Sometimes we have to be reminded of the simplest things.

This post has been rolling around my brain for days.  In all of my passion to explain WHY I believe what I believe, I have neglected to express how it feels to believe what I believe.

In the skeptic movement, we are cautious about using “feelings” as a guide for believing things; our feelings, while wonderful and life-enhancing, are not reliable as a source of confirmation or evidence.  Sometimes the concept of a premise is so appealing, gives us comfort, “feels” good to think about, we embrace it in spite of its unrealistic nature.  The result of this falls on the scale somewhere between Harmless (believing in fairies) and Dangerous (believing in prayer over medicine or treatment).   Therefore, we skeptics tend to underemphasize feelings when we discuss our rational belief system.  This filter serves us well in examining and deciding what is reasonable, what is rational.  But it doesn’t tell the rest, and best, of the story.

With that security feature in place, with the recognition that our emotions are integral to our humanity, but not as a source of reality confirmation, one can then plunge in to our deep, rich, abundant emotional frosting with abandon.  And that brings me to the subject of today’s post.

Often atheists are accused of being sad because Life Has No Meaning.  We’re told we are Don’t Have Any Reason To Live.  It’s been said we are Angry All Of The Time.  Admittedly, we may have said something to add to that perception, but more often than not, those are just old, recirculated dogma that won’t go away.  I hang out with atheists.  I read volumes by atheists.  I AM an atheist.  The atheists I know, and I, myself, are none of those things.  We, as a group, an awfully diverse, fiercely independent group, live lives of reflection, and thoughtfulness, and intention, and joy.  And as a nod to the “fiercely independent” descriptor, I’m now going to transition away from atheists as a group to atheist as me.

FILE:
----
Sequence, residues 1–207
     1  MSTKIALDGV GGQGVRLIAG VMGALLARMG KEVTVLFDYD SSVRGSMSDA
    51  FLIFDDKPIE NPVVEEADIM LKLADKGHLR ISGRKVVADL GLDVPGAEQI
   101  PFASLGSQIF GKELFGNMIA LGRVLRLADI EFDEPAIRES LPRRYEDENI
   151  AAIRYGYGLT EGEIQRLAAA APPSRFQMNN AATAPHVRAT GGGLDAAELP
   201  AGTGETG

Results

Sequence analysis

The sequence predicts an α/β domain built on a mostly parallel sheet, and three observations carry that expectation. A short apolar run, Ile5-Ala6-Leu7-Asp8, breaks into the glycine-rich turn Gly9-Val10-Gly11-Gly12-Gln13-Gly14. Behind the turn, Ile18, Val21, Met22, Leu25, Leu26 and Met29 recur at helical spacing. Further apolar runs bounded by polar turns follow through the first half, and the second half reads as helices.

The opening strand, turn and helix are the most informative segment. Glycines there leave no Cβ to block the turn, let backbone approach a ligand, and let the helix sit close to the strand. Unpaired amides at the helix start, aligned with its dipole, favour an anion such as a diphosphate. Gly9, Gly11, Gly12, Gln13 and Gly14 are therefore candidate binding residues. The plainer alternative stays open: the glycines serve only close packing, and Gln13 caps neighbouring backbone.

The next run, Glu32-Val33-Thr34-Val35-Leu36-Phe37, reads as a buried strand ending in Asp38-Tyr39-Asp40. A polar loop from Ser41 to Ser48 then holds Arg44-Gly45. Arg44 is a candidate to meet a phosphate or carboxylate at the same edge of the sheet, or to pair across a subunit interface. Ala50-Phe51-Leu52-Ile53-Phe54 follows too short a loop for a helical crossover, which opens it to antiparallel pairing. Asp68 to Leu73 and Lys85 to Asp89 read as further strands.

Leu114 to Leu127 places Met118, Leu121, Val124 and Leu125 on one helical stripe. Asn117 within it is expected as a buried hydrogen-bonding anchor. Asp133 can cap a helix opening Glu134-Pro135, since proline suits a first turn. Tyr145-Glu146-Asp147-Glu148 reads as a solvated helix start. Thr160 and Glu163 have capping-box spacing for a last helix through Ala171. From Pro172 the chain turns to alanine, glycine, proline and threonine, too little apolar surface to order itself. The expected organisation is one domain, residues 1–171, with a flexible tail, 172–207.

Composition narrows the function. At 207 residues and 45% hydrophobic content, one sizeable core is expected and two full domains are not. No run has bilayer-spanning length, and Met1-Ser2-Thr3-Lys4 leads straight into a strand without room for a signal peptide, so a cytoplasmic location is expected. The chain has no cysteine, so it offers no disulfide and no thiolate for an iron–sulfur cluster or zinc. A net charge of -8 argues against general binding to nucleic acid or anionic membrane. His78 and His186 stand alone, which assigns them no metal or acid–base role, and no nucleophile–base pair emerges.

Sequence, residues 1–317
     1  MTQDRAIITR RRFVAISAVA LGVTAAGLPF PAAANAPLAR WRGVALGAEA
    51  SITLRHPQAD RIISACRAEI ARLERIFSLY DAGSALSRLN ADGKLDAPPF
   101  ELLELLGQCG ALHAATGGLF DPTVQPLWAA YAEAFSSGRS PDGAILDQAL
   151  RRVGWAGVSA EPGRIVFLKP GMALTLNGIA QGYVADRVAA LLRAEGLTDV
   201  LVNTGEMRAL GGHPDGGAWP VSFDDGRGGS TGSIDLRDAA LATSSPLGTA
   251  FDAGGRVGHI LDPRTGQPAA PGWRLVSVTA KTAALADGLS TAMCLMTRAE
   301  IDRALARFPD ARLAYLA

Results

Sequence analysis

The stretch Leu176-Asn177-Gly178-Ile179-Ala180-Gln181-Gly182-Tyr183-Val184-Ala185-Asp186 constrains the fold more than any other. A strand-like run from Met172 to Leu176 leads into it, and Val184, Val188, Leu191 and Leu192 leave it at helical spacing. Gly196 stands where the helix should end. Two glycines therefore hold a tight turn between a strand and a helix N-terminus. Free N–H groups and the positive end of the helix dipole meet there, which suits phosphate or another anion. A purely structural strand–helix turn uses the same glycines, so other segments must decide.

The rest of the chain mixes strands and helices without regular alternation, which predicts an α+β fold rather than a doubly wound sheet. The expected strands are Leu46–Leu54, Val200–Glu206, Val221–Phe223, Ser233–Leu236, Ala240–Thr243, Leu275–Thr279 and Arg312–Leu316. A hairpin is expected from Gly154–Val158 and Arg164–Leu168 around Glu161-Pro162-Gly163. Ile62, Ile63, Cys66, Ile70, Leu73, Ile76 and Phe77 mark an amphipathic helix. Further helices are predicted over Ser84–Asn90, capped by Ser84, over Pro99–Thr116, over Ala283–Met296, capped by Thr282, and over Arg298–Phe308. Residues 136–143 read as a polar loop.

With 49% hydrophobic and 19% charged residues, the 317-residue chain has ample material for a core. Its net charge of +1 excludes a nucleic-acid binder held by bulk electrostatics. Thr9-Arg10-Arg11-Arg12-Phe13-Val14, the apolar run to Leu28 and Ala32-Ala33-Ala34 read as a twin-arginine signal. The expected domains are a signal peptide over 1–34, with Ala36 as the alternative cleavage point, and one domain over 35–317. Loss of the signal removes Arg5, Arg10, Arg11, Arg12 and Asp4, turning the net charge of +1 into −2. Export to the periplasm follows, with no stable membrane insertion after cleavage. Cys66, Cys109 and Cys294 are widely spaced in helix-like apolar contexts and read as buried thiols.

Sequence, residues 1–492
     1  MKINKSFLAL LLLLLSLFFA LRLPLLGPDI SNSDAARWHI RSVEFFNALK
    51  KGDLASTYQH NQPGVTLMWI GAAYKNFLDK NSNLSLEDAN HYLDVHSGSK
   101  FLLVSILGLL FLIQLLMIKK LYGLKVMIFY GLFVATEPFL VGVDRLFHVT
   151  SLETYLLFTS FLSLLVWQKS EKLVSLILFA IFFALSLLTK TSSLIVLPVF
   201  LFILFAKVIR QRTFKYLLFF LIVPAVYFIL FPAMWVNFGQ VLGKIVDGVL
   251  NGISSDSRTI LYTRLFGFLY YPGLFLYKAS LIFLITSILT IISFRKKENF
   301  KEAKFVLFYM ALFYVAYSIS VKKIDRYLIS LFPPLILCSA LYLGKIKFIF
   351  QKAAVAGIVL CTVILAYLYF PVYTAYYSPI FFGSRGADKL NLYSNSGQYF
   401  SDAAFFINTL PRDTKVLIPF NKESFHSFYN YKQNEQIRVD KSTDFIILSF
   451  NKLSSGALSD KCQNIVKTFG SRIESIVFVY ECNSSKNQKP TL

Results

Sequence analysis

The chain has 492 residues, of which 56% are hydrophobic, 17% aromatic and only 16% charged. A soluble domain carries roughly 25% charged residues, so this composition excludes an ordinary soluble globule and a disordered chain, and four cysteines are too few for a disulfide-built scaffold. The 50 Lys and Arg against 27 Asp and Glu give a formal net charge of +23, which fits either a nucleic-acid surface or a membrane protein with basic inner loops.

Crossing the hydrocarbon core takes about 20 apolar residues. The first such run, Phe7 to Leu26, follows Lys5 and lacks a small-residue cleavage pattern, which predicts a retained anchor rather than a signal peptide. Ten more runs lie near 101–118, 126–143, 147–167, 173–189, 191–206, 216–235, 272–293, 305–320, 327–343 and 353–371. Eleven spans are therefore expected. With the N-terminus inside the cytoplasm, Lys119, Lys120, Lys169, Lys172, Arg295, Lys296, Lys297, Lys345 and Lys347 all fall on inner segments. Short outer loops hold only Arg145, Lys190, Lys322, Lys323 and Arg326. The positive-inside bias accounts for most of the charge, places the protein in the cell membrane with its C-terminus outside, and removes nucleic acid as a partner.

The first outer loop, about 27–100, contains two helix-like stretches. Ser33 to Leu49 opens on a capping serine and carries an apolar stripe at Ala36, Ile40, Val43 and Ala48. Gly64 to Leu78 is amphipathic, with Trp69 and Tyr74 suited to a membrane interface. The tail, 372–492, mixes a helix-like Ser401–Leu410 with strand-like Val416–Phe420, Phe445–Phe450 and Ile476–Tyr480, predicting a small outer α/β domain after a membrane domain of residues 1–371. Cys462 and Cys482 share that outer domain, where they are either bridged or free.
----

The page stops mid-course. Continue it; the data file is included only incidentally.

My life is similar to everyone else’s:  I’ve got family drama, health issues, financial challenges, obstacles to my goals and dreams – the usual shopping list.  I am humbled by the knowledge that I am more fortunate than 99% of the people who have ever been ON the planet, having been born an American, in the 20th century, into a middle-class family.  I know how incredibly fortunate I am.  That knowledge alone is cause for a feeling of thankfulness that I’m reminded of several times a day.

When you add to that the joy I experience every new day, through relationships with friends and family, through taking care of and enjoying my body, through learning and reading and discovering, through physical sensations of sounds, and tastes, and sights, through challenges and achievements, through a sense of community with humanity, through helping others and others helping me, I am often overwhelmed by feelings of happiness, and of joy, and of meaning.

While I cannot always be in control of external circumstances, I have an underlying, overall constant sensation of peace and joyfulness, a sensation which is counterintuitive to a world view that admits that life is chaotic and random and, inherently, meaningless.

I was recently asked whether I had a peace that passed all understanding, a reference to Philippians 4:7 “And the peace of God, which transcends all understanding, will guard your hearts and your minds in Christ Jesus”.  My answer is No.  I have a peace that I DO understand.  There is tremendous peace in knowing and understanding how the universe functions.  There is joy and peace in the predictability of the laws of physics and science, of the constants on which we depend, and a recognition that that stability is not hindered by an ever-changing body of data, but enhanced by it.

And if I and others in the atheist community don’t allow this to show, shame on us.  Deeply imbedded in our embrace of ration and reason as a world view, is an awe and respect and wonder of the nature of our environment, our species, and our world.

“We are going to die, and that makes us the lucky ones. Most people are never going to die because they are never going to be born. The potential people who could have been here in my place but who will in fact never see the light of day outnumber the sand grains of Arabia. Certainly those unborn ghosts include greater poets than Keats, scientists greater than Newton. We know this because the set of possible people allowed by our DNA so massively exceeds the set of actual people. In the teeth of these stupefying odds it is you and I, in our ordinariness, that are here.”  Richard Dawkins

Wow.  There’s that joy again.

Thanks for reading.